|Tris buffered saline (TBS)|
|Tris-HCl, pH 7.4||50 mM|
|Tris buffered saline with Tween 20 (TBST)|
|Tris-HCl, pH 7.4||50 mM|
|Tween 20||0.1% (v/v)|
|Tris-HCl, pH 8.0||25 mM|
|Wash buffer #1|
|Tris-HCl, pH 8.0||25 mM|
|Igepal CA-630||0.2% (v/v)|
|Wash buffer #2|
|Tris-HCl, pH 8.0||25 mM|
|Tris-HCl, pH 8.0||25 mM|
Table 1. Buffers used in the present study.
The purification procedure is schematically illustrated in Figure 1, together with a representation of problems associated with other existing purification methods.
Figure 1. Schematic representation of the purification procedure. The workflow includes stabilization of the resin-coupled Strep-Tactin tetramer via covalent cross-linking with BS3, binding of the twin-Strep-tagged bait protein and associated complexes to the cross-linked resin, washing away of unbound proteins, denaturing elution of the specifically bound protein complexes with 1% SDS and their analysis by liquid chromatography- tandem mass spectrometry (LC-MS/MS). Two red spheres in the bait protein denote the twin-Strep-tag. Limitations of other purification methods are shown in inset boxes on the right. They include incomplete elution of target proteins with biotin and sample contamination with Strep-Tactin following denaturing elution with 1% SDS.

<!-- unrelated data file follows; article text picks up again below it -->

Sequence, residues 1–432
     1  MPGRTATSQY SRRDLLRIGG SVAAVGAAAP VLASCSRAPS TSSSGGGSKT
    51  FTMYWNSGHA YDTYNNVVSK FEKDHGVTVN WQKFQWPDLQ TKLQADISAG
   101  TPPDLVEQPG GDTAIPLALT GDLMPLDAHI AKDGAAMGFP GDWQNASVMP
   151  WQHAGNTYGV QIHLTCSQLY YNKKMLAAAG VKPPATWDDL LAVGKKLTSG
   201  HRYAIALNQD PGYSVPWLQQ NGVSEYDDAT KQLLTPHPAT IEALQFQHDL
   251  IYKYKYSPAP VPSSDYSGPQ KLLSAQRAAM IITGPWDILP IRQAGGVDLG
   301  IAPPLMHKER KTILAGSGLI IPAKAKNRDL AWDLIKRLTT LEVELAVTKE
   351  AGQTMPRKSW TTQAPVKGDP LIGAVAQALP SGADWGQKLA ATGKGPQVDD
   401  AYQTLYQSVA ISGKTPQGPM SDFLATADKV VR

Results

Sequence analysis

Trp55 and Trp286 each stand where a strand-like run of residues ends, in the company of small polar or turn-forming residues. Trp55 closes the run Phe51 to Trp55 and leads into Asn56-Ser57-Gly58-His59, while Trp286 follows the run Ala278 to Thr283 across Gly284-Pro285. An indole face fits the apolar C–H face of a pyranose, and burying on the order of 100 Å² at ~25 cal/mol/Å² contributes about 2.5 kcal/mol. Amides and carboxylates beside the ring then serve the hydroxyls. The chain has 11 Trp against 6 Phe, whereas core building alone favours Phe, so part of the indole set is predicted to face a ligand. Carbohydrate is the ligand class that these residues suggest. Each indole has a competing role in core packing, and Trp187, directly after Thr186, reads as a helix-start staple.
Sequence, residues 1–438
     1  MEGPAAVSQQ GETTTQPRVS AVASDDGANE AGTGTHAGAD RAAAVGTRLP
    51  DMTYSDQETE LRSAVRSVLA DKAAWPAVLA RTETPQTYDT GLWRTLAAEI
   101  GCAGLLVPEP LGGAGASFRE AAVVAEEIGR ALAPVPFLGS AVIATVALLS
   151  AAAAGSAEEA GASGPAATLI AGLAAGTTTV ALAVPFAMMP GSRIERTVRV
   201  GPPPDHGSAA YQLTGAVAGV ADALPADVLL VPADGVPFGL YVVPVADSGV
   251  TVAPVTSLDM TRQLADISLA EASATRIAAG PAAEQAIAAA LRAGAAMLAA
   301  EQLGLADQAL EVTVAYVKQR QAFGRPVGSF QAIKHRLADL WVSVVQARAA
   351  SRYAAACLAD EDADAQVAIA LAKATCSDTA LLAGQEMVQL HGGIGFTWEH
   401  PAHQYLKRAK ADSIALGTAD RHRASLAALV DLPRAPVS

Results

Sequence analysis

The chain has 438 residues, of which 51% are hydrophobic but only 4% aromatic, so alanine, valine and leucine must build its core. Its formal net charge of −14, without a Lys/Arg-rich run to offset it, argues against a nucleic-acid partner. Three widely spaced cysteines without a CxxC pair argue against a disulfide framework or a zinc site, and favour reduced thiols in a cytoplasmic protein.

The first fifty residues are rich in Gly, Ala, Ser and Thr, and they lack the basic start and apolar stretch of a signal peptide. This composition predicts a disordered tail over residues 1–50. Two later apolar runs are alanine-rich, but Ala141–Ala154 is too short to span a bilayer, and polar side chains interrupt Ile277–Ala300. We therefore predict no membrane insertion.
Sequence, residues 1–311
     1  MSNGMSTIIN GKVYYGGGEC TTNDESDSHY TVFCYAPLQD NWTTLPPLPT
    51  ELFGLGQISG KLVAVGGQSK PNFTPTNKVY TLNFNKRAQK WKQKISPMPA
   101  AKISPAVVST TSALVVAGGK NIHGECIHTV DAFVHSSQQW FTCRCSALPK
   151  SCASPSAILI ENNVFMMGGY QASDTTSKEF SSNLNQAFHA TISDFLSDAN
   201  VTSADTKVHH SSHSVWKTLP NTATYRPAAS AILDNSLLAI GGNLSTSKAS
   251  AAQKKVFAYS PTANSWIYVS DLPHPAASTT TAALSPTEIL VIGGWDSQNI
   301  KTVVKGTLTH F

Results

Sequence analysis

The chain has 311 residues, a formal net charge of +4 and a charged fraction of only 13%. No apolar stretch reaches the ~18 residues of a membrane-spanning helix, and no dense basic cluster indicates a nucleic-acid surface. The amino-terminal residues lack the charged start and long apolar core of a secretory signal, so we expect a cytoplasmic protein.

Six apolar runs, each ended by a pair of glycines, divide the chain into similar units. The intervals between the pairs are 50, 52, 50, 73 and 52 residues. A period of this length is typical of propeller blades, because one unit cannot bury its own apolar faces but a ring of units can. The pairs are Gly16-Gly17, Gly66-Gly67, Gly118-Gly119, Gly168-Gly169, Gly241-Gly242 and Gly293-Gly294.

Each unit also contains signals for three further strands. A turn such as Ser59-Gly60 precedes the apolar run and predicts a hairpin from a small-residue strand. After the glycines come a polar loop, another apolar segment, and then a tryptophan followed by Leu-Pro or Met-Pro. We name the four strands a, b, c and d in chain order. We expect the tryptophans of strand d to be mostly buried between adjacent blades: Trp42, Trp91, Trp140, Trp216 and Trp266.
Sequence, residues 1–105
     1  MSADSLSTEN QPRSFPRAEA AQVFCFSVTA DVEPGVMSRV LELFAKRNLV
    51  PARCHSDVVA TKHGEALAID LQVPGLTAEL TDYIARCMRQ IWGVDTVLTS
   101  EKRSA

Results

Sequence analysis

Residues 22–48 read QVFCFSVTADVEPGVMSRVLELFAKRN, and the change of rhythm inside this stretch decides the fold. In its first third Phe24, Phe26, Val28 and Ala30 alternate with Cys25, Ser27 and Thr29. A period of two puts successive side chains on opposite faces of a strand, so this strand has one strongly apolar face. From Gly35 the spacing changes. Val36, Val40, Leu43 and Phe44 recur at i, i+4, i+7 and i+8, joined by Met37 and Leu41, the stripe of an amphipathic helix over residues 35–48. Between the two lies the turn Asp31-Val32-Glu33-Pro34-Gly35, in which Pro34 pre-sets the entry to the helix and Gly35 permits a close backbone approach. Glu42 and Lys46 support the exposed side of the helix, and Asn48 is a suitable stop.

Typical results of the SIII-tagged protein purification using the BS3-cross-linked Strep-Tactin polymethacrylate resin and denaturing elution with 1% SDS are shown in Figure 2. 10% (15 µl) of the spin column eluate containing purified SIII-tagged PVA VPg-Pro and associated proteins was analyzed by SDS-PAGE followed by silver staining. The absence of the 52 kDa band corresponding to PVA VPg-Pro in the negative control lane confirmed the specificity of the pull-down. 40 µl of the remaining spin column eluate were applied to a keratin-free SDS gel and the corresponding lane was cut out and the contained proteins were digested with trypsin and analyzed by liquid chromatography- tandem mass spectrometry (LC-MS/MS). The mass spectrometry analysis identified viral RNA-dependent RNA polymerase (replicase) NIb as the interacting partner of VPg-Pro. Multiple tryptic peptides corresponding to NIb were detected in all four biological replicates of the affinity purification and none in the four controls expressing VPg-Pro without the SIII-tag, confirming the specificity of interaction. Because the molecular weight of NIb (59 kDa) is close to that of SIII-tagged VPg-Pro (52 kDa), the two proteins appeared as a double band during SDS PAGE analysis (Figure 2, arrowhead). Taken together, the results described above provide experimental evidence that affinity purification on Strep-Tactin resins covalently cross-linked with BS3 can be successfully employed to isolate twin-Strep-tagged proteins and identify their physiological binding partners by mass spectrometry.